Milcom Monitoring Post Profiles
- What are Emergency Action Messages (EAM)?
- Ron Perron Mil/Gov Call Sign - Update 1 June 2018
- UFO Milsat Program
- Fleetsatcom System
- UHF 225-380 MHz Milcom Spectrum Holes: Updated 24 July 2019
- Civilian Air Cargo/Airline/Military Call Signs
- Intl HF Aero Civ/Gov/Mil Frequency List
- USN Aircraft Modex Numbers
- University of Twente Wide Band WebSDR Netherlands
- U.S. Military ALE Addresses
- DoD Air Refueling Frequencies - Update 15 Jul 2016
- Monitoring the Civil Air Patrol Auxiliary Update 10 Sep 2016
- The Milcom MT Files (1998-2013) Articles Index
- The Spectrum Monitor e-Zine Milcom Column Index - Update 7 Oct 2019
- US Coast Guard Asset Guide - Update 23 April 2019
- COTHEN HF Network – Update 23 September 2019
Friday, September 14, 2012
A New Kindle eBook - QSLing the World - A How-to Guide Now Available
Teak Publishing is proud to announce the release of their first Kindle eBook - QSLing the World - A How to Guide by Gayle Van Horn, a Monitoring Times columnist and the shortwave frequency manager for the magazine.
QSLing the World - A How-to Guide is a comprehensive resource and reference ebook for any radio hobbyist who is interested in acquiring a verification of reception from almost any type of radio station, whether it is broadcast, utility, amateur radio, satellites, or clandestine!
For many radio listeners who tune to shortwave, broadcast (AM/FM/TV), VHF/UHF scanner spectrum, or the amateur radio bands, the main objective of listening is to collect stations for the listener's logbook. While some radio hobbyists are program listeners who just listen for the content being broadcast, there is a large segment of the hobby who collect written proof that they have monitored the stations they have received or talked too.
These participants in this portion of the radio hobby attempt to QSL or verify the reception of the stations they hear or work. They do this by sending them a report of reception or their verification card in the hope that the station staff will return a card or letter (a.k.a. a QSL) verifying the radio reception. Along with QSLs, some radio hobbyists also collect station memorabilia that may include such items as frisbees, bumper stickers, pennants, decals, T-shirts, or anything associated with the station logo, slogan or call sign.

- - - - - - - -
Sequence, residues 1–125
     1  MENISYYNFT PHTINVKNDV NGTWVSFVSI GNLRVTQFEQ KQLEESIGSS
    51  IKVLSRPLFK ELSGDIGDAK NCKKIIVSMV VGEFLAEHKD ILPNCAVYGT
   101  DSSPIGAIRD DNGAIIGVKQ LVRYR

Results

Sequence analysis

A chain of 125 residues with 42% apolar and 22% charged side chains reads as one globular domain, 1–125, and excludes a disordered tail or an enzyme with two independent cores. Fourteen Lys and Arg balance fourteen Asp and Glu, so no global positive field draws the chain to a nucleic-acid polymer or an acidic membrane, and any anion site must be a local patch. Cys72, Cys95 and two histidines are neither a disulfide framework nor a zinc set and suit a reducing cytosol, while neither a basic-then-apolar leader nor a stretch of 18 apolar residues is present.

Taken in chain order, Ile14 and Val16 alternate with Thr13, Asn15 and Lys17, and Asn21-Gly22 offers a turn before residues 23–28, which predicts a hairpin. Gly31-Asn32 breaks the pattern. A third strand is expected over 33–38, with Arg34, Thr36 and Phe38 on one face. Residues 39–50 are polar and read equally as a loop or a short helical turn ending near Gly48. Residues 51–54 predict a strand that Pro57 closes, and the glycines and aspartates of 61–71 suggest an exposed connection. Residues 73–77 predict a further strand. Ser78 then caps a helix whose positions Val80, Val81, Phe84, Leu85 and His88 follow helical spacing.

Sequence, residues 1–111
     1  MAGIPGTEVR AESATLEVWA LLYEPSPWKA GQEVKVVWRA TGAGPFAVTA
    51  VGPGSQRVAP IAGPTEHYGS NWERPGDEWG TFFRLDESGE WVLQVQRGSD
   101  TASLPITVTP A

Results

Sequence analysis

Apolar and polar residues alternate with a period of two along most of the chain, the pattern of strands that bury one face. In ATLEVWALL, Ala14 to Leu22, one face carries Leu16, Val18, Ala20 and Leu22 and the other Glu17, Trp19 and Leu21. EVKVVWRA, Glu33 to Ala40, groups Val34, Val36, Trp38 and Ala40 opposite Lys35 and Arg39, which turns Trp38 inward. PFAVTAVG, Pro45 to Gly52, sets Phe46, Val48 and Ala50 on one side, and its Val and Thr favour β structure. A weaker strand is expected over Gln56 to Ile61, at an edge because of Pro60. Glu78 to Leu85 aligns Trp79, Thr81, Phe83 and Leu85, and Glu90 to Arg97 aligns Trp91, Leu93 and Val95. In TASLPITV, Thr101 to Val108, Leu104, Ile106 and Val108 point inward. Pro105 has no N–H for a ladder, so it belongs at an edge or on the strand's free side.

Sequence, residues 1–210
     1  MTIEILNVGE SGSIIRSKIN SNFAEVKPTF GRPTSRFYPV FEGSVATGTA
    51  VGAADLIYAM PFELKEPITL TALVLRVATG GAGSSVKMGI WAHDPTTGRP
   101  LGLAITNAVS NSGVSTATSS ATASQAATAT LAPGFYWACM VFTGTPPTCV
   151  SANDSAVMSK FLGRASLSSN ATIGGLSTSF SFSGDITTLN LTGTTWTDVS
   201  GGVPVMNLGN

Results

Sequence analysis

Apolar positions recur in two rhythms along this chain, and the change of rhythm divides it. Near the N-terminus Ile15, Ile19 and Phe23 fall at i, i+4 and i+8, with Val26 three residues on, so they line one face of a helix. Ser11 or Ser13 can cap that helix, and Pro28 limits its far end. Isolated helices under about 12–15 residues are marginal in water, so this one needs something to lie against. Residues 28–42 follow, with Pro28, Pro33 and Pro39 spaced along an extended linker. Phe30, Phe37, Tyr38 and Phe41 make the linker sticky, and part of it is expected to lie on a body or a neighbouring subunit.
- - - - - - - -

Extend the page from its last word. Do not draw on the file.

This new 140 plus page Kindle eBook covers the "how-to's" of QSLing, drawn from Gayle's 30 plus years of experience in the radio hobby. This includes best general practices in logging, reporting, and mailing a station reception report.
Should you try to send a report in a language you don't speak? What enclosure should you include with your reception report? How long should you wait for a reply from the station? Should you send a second report? This book answers these common questions and much more.
Finally, Gayle addresses an often-neglected question – what do you do with your QSL cards and letters after they start to accumulate? This and more is now available in this new edition of QSLing the World.
And there is no need to worry if you do not own a Kindle reader. You can still read our new Kindle electronic reader edition or any Kindle books anywhere with Amazon's free reading apps.
There are free Kindle reading apps for Smartphones (iPhone & iTouch,
Android, Windows Phone 7, and Blackberry); Computer platforms (Windows and
Mac); Tablets (iPad and Android Tablet), and of course the Kindle readers
including the new Kindle Fire. You can get more detail on these apps by checking out this link to the Amazon website at http://tinyurl.com/84wodbx.
This Kindle eBook sells for $2.99 US, and is also available internationally through Amazon's various international servers. The book can be purchased at Amazon.com at
You can view Gayle's author page at http://amazon.com/author/gaylevanhorn.
This second edition of QSLing the World, now in Kindle eBook format, is the most comprehensive compilation of trends and tips on the art of QSLing ever published for the radio listening hobby. It is a must-have reference in any hobby radio shack if you want to QSL the stations you are hearing on your radios.